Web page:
INDIANAPOLIS – There was a period in Scott Dixon’s career where he was a notoriously slow starter in the early days of a new season.
It wasn’t until the weather warmed up in the summer months that Dixon began to hit his stride.
Perhaps Dixon has discovered the solution – start the season in June.
Dixon won his second-straight race to open the NTT IndyCar Series season on Saturday, conquering the GMR Grand Prix at the Indianapolis Motor Speedway road course. Dixon also won the season-opening Genesys 300 at Texas Motor Speedway on June 6.
The five-time NTT IndyCar Series champion had finished second in the GMR Grand Prix the previous three years. Saturday’s victory was his first on the infield circuit.
Dixon claimed his 48th career Indy car victory in impressive fashion, defeating Graham Rahal by a whopping 19.9469 seconds.
“We got a little bit lucky, but I think it also played into our strategy,” Dixon explained. “We started pretty aggressive, all three Ganassi cars on the black tire, which was definitely pretty tough. We were able to pick up one spot on the start and kind of maintained, and that set us into a pretty aggressive three-stopper (pit strategy), and that’s when our window was to pit. Then, three, four laps later the yellow came out and we were the ones that cycled towards the front.
“It was definitely a little bit of luck there, but honestly it was just the strategy we were on. We had the pace. We struggled at the early part with the rear of the car and the same with the Red tires. I think I went out a little bit too hard on the first set and the rears got abused a little bit and we made several changes to the car throughout the next couple of stops and the car was just on rails after that.
“The track cooled off a little bit and grip came up, and the PNC Bank No. 9 was just strong for the last half of the race.”
Dixon used a brilliant race strategy by pitting on lap 10, getting off the harder Firestone Blacks and onto the softer Firestone Reds. Once on the faster rubber, he was able to use blazing speed to drive through the field.
A key moment of the race came when rookie Oliver Askew backed his Honda into the turn 14 wall for the only caution of the race on lap 36. Otherwise, Graham Rahal’s two-stop strategy was working in his favor. After the race resumed, Dixon was able to speed his way to the rear of Rahal’s Honda because of the team’s early decision to go with three pit stops and fresher rubber.
“I thought the strategy was honestly working perfect,” Rahal said. “Honestly with the two-stop coming out of the pits after the first stop and still being right with Power and Harvey and all the good guys, the guys I was racing at that time, all I kept thinking was when the pits cycled through for the last time, we’d have about a 25- or 30-second lead, but obviously the yellow came out and kind of nullified our strategy because then everybody just got to pit under yellow and then there was just one more to go.
“But obviously Dixie had tremendous pace during the late part of the race. I was on black tires struggling a little bit. The Fifth Third Bank car was great today. I thought our guys did a tremendous job.”
On lap 48, Dixon took the lead when he drove to the inside of Rahal down the frontstraight and held his line going into turn one.
“We were on a flat-out situation,” Dixon said. “The red tires, especially after the last corner, enables you to get quite close and then the big tow, and then overtake is going to be pretty hard to fend off. We were in a really good situation after that caution that enabled us to attack hard.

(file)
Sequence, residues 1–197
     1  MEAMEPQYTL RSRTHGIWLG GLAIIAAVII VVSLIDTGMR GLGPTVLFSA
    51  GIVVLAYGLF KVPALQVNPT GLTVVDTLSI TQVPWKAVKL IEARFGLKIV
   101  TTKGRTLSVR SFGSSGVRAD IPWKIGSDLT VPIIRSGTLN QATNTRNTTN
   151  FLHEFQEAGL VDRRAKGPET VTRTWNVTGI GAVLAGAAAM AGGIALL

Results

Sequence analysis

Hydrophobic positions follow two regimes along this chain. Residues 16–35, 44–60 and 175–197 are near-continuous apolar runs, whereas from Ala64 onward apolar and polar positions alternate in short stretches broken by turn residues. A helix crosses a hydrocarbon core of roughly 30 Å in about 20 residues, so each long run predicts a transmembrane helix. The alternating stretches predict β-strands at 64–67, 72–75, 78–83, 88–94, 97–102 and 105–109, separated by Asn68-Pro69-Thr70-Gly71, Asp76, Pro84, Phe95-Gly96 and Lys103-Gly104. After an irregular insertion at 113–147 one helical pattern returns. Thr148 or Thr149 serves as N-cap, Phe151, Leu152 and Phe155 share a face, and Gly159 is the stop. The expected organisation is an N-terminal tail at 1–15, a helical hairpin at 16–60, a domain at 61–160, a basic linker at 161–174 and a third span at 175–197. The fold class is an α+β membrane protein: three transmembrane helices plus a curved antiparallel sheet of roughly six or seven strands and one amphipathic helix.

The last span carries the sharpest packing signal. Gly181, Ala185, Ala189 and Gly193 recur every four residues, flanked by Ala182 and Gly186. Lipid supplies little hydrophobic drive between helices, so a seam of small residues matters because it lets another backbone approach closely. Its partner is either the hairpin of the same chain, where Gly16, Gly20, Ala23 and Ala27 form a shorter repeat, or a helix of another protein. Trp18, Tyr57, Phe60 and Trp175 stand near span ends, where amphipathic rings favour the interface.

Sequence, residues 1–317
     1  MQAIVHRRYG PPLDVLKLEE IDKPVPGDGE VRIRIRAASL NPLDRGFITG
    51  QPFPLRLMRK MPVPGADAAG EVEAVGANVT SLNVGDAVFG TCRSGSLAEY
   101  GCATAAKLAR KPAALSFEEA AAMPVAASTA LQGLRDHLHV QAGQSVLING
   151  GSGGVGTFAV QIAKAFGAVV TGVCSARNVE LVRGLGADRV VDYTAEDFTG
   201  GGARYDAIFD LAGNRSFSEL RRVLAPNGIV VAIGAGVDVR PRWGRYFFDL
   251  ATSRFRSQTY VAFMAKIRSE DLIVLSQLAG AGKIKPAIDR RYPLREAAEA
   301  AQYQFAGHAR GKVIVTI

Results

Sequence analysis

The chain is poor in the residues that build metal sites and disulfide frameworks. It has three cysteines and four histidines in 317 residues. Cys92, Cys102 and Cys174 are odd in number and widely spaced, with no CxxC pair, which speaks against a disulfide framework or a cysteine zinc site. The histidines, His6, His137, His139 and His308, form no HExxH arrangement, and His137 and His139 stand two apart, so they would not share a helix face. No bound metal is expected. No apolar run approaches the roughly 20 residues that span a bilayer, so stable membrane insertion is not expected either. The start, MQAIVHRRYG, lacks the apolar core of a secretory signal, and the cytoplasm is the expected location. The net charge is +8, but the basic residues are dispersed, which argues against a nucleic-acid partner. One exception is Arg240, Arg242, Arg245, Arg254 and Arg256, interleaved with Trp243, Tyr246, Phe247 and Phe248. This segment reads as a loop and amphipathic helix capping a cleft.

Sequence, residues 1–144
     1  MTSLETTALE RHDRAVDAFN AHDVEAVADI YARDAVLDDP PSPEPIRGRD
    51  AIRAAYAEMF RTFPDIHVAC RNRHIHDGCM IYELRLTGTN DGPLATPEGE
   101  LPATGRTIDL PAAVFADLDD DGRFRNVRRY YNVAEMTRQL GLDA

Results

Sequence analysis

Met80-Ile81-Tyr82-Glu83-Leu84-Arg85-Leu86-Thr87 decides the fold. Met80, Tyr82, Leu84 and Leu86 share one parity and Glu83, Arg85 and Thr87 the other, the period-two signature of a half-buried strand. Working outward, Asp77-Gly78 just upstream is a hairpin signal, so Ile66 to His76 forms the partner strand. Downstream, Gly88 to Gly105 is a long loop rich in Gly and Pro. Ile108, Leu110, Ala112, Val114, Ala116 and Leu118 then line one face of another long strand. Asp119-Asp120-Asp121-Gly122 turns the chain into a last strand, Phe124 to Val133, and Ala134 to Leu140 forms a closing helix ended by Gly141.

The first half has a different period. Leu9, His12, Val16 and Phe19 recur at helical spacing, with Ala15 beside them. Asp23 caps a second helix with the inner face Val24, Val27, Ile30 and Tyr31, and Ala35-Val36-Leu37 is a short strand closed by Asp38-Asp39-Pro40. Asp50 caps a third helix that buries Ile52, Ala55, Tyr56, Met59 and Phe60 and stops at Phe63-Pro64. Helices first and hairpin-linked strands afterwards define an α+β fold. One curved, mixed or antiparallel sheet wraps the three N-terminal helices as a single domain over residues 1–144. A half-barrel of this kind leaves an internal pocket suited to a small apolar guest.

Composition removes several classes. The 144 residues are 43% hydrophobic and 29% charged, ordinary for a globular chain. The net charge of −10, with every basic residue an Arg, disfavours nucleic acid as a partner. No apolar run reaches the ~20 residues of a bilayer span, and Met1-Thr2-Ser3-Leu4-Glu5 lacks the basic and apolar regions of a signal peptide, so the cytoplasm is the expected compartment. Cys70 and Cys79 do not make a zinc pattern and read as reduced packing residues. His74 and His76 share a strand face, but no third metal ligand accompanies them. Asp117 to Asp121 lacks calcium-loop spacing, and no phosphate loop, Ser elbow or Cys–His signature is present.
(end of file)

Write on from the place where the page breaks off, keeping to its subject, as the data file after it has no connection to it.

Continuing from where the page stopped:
“We were on the right tires, and ultimately I think the four cars that restarted in front of us were all on blacks and kind of had a little less fuel than us.
“It was a bit of a no-brainer as such. I think as just some of those guys were sitting ducks unfortunately with how the strategy was and the tires they were on.”
After he pitted for the final time and the pit stop sequence recycled, Dixon took the lead for good on lap 62 and drove away from Rahal over the closing 18 laps for the substantial margin of victory.
Rahal’s Honda was second to give that car manufacturer a 1-2 sweep. Three-time GMR Grand Prix winner Simon Pagenaud was brilliant, racing his way from a 20th starting position to a third place. Second year driver Colton Herta was fourth in a Honda with rookie Rinus VeeKay finishing fifth.
Will Power, who started on the pole for the fourth time and was attempting to win the GMR GP for the fourth time, stalled in the pits during his final stop and 20th. Power led a race high 28 laps before the pit road miscue.
Dixon by scoring his 48th victory, the New Zealander is four wins behind Mario Andretti’s 52 for second on the all-time victory list.
“It’s a lot of fun to win these races,” Dixon said. “They are very tough. The competition is crazy and how the strategy can flip. I feel very fortunate when we’re able to pull them off.
“Four wins from Mario is still a long ways. We’ll keep our head down and just keep trying to win races and win championships, and then the rest of it will take care of itself. But each win feels amazing in this series, and again, just feel very fortunate to be able to compete at the top and be with this team and have great partners like PNC Bank and obviously Honda.”
Dixon is already at mid-season form and the season is only two races old. It could be enough to catapult the NTT IndyCar Series legend to a sixth championship in 2020.
“It’s always nice to start strong,” Dixon said. “Maybe in the early years when I was younger, I seemed to start seasons okay, so maybe I need to go back to that.
“It’s amazing to pick up the first two wins of the season, but it doesn’t guarantee you anything. We’ll just keep our head down and try and keep staying up front and trying to get some of those points, and yeah, it’s a great way to start.
“But again, it doesn’t cement anything.”
For complete results, click below.